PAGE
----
Welcome back. We'll try not to let the Planet drift off course again, but given your editor's unstable nature, no promises.
Things I'm thankful for. Yes, I know a lot of bloggers made their list last week, but I don't believe in rushing into things until I get all the facts. This holiday went off without anyone getting seriously injured. Except Molly, who twisted her ankle and needed x-rays. She's on pain killers and crutches, a potentially lethal combination if you ask me. But I'm not the doctor, am I.
Most of the family rolled in Thursday. These are Jenny's nieces and nephews and now the grand-nieces and nephews. Her sister's kids are an amazing bunch, all in service of one sort or another. A mother and son recently completed Basic Training. I can't imagine many families can say that. One of the family works for the State Dept. Another is in nursing school. Their brother, Jon, a man who has earned every salute he gets, couldn't make it this year and we hope he can join us next year. We miss him.
One of the high points of a great weekend was what happened Thursday night just shy of 9:30. My brother-in-law, a pilot and avid fan of the night sky, knew precisely what time this spectacular show would start so, at the appointed time, the family stood out on his front lawn and watched as the space shuttle and the the space station crossed the sky, 220 miles above our upturned, awestruck faces.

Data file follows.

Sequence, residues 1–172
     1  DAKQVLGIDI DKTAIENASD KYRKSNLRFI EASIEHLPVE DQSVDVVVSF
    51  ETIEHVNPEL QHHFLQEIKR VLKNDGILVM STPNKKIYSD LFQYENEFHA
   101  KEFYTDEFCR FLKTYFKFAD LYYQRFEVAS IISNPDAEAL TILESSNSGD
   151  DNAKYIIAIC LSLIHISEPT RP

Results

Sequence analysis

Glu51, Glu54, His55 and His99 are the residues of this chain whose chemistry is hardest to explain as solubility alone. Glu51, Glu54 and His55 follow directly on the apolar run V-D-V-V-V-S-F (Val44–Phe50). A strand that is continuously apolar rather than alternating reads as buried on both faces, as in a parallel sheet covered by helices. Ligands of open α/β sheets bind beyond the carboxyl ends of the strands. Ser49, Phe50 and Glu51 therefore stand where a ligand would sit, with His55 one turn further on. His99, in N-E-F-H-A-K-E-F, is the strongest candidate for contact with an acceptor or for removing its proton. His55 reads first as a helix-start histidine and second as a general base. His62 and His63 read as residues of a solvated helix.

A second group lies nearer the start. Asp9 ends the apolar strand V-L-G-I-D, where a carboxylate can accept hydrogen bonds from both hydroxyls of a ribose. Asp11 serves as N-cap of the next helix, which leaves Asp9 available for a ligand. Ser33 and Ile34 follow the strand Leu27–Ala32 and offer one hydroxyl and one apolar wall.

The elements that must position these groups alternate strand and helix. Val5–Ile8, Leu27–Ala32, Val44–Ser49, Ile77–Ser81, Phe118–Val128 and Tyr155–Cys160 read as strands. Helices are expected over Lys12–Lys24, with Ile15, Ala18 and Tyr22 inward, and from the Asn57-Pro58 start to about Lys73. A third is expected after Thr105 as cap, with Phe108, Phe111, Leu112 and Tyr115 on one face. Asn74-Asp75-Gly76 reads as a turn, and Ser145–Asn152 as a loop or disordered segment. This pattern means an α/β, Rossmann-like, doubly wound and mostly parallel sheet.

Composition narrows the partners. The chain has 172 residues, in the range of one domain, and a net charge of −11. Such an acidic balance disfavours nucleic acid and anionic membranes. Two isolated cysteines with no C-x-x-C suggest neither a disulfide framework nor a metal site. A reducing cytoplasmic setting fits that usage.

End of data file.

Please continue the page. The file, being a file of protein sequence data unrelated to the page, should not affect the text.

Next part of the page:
Two bright stars, one chasing the other at 17,000 MPH, crossed high over the horizon like a celestial car chase. Then, nearly two-thirds across the sky, they winked out, first the shuttle Atlantis and then close on its heels, the space station. They just disappeared, ducking the sun's spotlight by hiding in the earth's shadow.
That photo up there is by Hal Yeager of the Birmingham News. It's the closest picture I could find of the event. No slam on Mr. Yeager, but it doesn't do it justice.
A great moment of a very good weekend. I hope your holiday was as good.